global village : Java Glossary
- global village
Marshall McLuhan coined the phrase global village to refer
to the way modern transportation and communications were making the world ever more
interconnected. We can no longer ignore what happens on the other side of the planet.
Everything affects everything else.
Radio, TV and the Internet are bringing news, information and education to even
the remotest parts of the world. No matter where you live, you can fully participate
in forming the Internet discussion consensus.
However, much of this interconnectedness is distressing:
- Insect pests in one part of the world are spreading to the entire world.
- Foreign plants displace native species.
- Introduced animal species such as zebra mussels, rats, goats or snakes play
havoc with fragile ecosystems.
- The world is a highly competitive global labour market. Outsourcing has
depressed wages in North America and throughout the world. Multinational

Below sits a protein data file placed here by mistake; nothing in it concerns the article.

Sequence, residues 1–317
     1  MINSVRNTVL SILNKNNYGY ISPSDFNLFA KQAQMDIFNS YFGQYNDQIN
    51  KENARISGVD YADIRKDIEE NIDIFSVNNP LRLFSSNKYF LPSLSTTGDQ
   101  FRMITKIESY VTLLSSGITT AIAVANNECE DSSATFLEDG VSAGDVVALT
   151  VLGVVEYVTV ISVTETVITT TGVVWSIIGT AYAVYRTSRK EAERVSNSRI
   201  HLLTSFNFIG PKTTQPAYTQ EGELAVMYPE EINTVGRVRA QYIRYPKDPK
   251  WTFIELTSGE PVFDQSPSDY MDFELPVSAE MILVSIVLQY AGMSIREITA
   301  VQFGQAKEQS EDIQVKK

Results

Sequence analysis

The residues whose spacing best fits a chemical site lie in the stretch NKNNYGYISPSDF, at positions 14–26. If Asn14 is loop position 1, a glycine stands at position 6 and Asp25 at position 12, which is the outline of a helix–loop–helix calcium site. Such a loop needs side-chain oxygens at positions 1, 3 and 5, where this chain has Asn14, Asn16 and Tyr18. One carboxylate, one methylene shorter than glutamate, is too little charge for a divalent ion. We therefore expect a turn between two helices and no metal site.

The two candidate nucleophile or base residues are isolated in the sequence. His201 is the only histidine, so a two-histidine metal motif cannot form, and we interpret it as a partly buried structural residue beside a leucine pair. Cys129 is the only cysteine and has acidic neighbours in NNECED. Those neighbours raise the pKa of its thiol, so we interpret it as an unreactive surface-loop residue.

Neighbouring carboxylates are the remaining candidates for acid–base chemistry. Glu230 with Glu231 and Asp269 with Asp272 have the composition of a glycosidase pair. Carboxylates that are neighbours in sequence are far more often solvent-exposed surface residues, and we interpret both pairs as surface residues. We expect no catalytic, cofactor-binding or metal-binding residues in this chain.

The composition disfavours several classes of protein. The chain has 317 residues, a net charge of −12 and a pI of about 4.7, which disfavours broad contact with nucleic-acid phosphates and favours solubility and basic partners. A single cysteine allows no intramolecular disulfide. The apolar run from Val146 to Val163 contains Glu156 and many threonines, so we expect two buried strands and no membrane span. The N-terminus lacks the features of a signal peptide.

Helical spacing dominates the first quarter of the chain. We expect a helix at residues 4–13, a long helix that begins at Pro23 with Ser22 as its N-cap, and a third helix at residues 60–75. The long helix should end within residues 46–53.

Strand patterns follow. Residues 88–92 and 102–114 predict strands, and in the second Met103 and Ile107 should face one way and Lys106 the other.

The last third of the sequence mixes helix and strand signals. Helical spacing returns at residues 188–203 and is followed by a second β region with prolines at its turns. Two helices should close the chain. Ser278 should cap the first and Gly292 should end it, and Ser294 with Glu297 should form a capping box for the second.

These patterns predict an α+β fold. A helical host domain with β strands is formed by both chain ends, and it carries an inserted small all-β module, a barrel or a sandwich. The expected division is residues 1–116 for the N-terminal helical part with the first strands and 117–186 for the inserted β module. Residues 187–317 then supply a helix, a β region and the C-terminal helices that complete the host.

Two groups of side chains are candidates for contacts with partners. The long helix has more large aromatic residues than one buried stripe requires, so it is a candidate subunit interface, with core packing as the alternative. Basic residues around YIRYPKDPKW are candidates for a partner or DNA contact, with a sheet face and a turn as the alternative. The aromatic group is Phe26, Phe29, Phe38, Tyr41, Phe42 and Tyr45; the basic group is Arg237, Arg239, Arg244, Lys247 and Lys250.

oligarchies are able to exploit weekly organised labour.
- Computer programmers in North America, once highly paid, now compete on almost
equal footing with people living in India who have a much lower cost of
- Countries compete for multinational business with weaker labour and
environmental protection laws.
- It is unsound to waste precious oil shipping goods around the planet that could
just as easily have been created locally.
A high school friend,
Dr. Heather Hudson, who is a professor at the University of San Francisco has written
a book on the effect of telecommunications on the third world.
Book referral for From Rural Village to Global Village: Telecommunications for Development in the Information Age
||recommend book⇒From Rural Village to Global Village: Telecommunications for Development in the Information Age|
||Lawrence Erlbaum Associates
|It is about the social policies surrounding access to telecommunications in rural and third world countries. It discusses the effect of the digital divide between have and have-not.|
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